Want to see success like they did? Then it’s time to study the masters.

How did they climb their way to the top? What did they do differently? How can you emulate that? Let’s take a look at some of the world’s best brands now:

  1. Apple From the beginning, Apple has always set out to differentiate itself. Its products never looked like your typical computer (or phone, for that matter), and the company has always been at the cusp of technology – releasing new and unique products before any other brand got to market. From a visual standpoint, Apple has carried this same “uniqueness” through and through. Its simple, white logo has become iconic, and every product released has the same clean, minimalistic touch that just screams “Apple” the second you look at it.
    What can you learn from Apple? That what makes you different makes you special. Call attention to it. Make it your selling point.
  2. Google – Another tech company, Google has become one of the most successful brands in American history. Though it originally started out as a simple search engine, Google now rules the tech world, releasing products, programs and services that help individuals and businesses alike. Their ever-changing logo has become a symbol of knowledge, and the company has now become one of the most reliable resources of information around. They’ve made themselves virtually invaluable to the economy and U.S. business.
    What can you learn from Google? Make yourself a necessity to your customers. Offer them not only products and services, but give them value in return – be a resource for their needs and wants, and you’ll be around for a long time to come.
  3. Coca-Cola – Coca-Cola is one of the longest-standing brands in America. It’s been around for more than a century, and you know why? They’re tuned in to what their customers want. While sure, they’ve expanded their beverage offerings over the years, they’ve stuck to what their audience demands: delicious-tasting soft drinks and sodas.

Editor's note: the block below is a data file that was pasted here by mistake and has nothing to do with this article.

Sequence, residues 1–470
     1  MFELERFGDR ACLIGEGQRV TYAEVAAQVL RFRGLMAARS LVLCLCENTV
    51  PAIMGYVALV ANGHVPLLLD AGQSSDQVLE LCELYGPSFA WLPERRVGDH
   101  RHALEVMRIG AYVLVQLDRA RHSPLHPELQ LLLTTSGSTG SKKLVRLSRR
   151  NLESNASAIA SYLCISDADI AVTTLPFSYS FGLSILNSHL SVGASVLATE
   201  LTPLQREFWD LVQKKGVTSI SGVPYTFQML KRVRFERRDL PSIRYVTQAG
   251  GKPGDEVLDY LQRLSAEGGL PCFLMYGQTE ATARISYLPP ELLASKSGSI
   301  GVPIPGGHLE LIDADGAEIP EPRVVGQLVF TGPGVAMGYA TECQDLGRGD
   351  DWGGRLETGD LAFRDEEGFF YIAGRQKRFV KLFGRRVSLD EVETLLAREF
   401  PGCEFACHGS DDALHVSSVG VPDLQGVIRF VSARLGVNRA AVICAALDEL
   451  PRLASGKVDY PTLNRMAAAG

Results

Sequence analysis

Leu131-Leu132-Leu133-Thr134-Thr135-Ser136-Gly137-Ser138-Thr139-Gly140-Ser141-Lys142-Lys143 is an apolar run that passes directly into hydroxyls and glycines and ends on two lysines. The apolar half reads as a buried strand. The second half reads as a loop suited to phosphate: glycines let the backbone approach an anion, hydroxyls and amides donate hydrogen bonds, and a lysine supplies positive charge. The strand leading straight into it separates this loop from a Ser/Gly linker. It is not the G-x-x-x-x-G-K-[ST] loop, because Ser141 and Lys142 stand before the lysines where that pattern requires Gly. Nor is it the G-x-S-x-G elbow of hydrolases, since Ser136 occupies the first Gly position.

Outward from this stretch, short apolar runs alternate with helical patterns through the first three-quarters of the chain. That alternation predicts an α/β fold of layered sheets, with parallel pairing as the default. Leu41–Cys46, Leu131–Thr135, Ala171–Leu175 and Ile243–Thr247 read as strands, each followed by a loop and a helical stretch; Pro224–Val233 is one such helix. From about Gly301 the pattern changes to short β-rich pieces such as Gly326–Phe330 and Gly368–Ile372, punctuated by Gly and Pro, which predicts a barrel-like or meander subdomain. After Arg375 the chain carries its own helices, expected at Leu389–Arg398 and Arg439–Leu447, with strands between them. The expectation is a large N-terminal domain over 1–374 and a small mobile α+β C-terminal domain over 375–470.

What can you learn from Coca-Cola? Stick to what you do best, and do it right. Get to know your customers, and deliver what they want at every turn.
  4. McDonald’s – Though once a simple burger joint in California, McDonald’s is now one of the biggest brands in the world. They serve millions of customers daily, and boast restaurants in more than 100 countries worldwide. The secret to their success? They deliver value. McDonald’s knows there are better burgers out there – but those are expensive, take too long and aren’t as readily available. McDonald’s acts as the antithesis of all those, offering fast, cheap and easy-to-buy burgers on every corner. Sure, the Big Mac may not be the healthiest or tastiest burger in the world, but when you’re in a hurry or short on cash, it’s the most reliable place to get a solid meal.
    What can you learn from McDonald’s? Know what your value is. Do you sell the best part, or the cheapest part? Do you have the best service or the most knowledgeable staff? Hone in on what your customers value most about your brand, and stick to it.